© Irwin H. Segel

Simulation Of A Drawing

Chuck Johnson shot this image of the St. Louis Cathedral in New Orleans then altered it in Photoshop Elements 9. To enhance the illusion he then re-photographed it posing with pen and ink in hand.
© Chuck Johnson

Picture This! – Our Next Assignment
Things Are Looking Up

Our next Picture This! assignment is about looking, and specifically looking up. We’re looking for images at the apex, at the point of view you attain by looking straight up. Those with articulating monitors will save themselves the possible neck strain, but even those without will find plenty of interesting images by raising their view 90 degrees. This image was made with a Canon PowerShot G11 with the monitor flat and the camera pointed straight up. Exposure inside the Hagia Sophia in Istanbul, Turkey, was f/2.8 at 1⁄50 sec at ISO 800.


© George Schaub

Please Read This
It is important that you read and follow these guidelines. We need to follow this procedure because of the large volume of images we receive. If you have any questions, please e-mail us at: editorial@shutterbug.com.

1) Images sent to us cannot be returned. You retain complete copyright over the images, but do grant us permission to print your image(s) in the magazine and on our website, www.shutterbug.com.

2) Because images are not returned please send a quality print or duplicate transparency. We will not accept or view images on CD, ZIP, or any other electronic media.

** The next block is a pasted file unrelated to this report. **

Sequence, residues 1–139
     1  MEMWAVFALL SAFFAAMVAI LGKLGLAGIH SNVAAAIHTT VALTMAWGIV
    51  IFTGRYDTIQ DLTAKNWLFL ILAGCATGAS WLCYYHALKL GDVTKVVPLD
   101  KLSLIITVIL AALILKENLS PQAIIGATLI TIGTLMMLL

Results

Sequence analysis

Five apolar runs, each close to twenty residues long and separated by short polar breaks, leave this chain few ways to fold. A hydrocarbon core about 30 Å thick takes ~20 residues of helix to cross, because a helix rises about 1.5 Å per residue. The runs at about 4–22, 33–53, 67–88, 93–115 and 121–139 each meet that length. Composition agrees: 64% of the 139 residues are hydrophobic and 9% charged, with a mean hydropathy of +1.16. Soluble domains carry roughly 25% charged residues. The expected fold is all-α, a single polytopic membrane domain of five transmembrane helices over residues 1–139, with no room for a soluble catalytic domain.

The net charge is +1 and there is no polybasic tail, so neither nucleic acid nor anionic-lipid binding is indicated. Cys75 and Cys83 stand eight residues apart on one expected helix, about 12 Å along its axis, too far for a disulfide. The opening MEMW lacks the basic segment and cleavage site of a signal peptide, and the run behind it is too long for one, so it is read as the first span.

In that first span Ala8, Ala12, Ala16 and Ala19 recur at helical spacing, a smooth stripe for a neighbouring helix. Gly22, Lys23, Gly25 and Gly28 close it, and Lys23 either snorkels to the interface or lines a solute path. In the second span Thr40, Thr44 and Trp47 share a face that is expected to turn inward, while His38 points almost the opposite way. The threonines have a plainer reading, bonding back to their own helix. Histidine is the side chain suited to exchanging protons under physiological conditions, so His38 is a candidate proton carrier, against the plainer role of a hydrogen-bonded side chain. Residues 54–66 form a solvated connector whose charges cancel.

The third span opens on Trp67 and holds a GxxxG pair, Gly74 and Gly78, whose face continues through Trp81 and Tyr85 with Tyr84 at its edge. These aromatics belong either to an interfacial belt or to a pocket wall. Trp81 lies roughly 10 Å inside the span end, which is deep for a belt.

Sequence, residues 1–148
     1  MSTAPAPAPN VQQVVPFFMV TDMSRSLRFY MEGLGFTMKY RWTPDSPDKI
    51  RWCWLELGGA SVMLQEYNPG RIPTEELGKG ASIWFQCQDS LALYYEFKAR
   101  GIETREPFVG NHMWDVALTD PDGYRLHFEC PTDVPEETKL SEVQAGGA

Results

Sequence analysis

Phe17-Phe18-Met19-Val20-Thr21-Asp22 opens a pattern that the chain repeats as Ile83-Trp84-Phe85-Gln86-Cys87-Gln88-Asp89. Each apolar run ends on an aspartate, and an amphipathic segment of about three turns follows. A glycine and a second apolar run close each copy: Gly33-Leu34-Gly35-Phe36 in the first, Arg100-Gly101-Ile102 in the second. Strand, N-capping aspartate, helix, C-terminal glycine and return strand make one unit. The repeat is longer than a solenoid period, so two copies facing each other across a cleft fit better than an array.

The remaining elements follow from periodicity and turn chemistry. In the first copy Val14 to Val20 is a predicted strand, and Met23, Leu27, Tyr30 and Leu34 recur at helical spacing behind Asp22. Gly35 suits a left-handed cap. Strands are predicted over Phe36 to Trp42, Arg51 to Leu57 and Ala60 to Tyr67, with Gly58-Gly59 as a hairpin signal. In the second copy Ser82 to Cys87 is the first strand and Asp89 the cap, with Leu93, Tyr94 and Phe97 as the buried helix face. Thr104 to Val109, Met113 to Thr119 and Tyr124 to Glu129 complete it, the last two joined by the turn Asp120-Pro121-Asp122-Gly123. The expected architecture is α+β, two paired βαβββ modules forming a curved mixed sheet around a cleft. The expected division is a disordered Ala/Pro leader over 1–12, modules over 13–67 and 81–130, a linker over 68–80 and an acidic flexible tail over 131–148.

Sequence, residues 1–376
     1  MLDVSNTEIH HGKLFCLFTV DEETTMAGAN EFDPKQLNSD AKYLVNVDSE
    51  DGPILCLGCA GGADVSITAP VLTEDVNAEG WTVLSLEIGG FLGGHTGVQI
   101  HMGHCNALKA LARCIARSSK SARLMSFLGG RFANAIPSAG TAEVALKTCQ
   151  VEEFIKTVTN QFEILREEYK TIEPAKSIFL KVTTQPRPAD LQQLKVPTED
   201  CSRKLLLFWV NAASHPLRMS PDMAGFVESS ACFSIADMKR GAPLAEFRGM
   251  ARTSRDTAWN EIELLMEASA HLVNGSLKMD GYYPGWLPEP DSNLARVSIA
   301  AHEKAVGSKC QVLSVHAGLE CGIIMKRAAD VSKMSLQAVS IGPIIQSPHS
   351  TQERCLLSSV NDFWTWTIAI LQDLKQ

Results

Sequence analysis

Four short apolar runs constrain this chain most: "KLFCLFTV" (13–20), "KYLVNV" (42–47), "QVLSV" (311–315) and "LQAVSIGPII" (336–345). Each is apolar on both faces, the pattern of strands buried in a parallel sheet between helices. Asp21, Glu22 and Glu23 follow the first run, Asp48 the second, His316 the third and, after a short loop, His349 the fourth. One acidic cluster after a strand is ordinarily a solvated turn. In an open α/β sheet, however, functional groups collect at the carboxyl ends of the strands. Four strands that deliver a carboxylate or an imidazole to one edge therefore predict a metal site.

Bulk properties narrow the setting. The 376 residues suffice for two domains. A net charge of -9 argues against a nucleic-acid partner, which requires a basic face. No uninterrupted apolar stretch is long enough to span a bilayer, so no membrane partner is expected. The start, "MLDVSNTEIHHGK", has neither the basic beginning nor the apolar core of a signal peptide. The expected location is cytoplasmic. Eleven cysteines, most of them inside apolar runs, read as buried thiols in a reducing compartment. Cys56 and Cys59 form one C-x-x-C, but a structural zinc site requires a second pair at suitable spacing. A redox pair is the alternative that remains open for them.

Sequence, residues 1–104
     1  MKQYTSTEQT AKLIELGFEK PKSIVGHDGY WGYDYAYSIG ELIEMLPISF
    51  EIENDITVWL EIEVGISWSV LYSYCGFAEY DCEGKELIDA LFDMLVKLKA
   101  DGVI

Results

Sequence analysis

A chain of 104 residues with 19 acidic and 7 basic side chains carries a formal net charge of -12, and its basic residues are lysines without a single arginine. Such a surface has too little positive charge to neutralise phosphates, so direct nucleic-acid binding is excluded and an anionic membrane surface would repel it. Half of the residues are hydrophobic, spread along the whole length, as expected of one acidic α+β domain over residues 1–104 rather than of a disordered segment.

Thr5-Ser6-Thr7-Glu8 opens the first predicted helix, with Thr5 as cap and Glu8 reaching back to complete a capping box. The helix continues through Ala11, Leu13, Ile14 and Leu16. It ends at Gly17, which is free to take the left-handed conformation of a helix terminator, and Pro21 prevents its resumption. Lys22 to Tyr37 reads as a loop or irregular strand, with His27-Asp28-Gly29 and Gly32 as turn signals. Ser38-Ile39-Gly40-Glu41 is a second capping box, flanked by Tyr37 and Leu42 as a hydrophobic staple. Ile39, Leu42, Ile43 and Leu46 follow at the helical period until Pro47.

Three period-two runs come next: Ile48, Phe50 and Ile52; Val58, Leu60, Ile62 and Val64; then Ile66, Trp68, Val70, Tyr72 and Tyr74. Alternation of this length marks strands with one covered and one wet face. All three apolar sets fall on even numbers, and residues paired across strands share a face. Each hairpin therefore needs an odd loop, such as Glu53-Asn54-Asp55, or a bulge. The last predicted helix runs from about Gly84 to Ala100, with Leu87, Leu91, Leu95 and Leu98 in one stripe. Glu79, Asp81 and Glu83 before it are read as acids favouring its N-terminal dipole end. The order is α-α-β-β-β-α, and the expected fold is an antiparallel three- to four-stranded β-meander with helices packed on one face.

3) Images will be selected on the basis of content and technical quality. Please mark your outer envelope with the topic of the month (for example, “Wide View”).

4) Enclose a short caption with the image stating camera, lens, film and exposure, plus location. If you are submitting an image with a recognizable person we must have a model release or signed permission from that person to reproduce their image in the magazine and on the website.

5) Please submit no more than three photos for consideration (4x6 up to 81/2x11).

Send your image and information to:
Picture This! Shutterbug Magazine,
1415 Chaffee Dr., Suite #10, Titusville, FL 32780.
Deadline for submission: February 15, 2012.
Images will appear in our May 2012 issue.
Our next topic: At The Flea Market
Deadline: March 15, 2012
Publication Date: June, 2012

Please note: We receive hundreds of submissions for Picture This! each month and want to be sure we properly identify each image we publish. Please be sure to attach your name and image information to the back of each submission.

Want to see images selected for past Picture This! assignments? Go to www.shutterbug.com and click on Picture This! in the “More Articles…” box on the homepage.

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COMMENTS
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I'm quite glad to have seen this blog, thank you so much for all the great information on cameras and wonderful pictures, I will be sure to pass the url on to my more artistic family and friends....

Tommy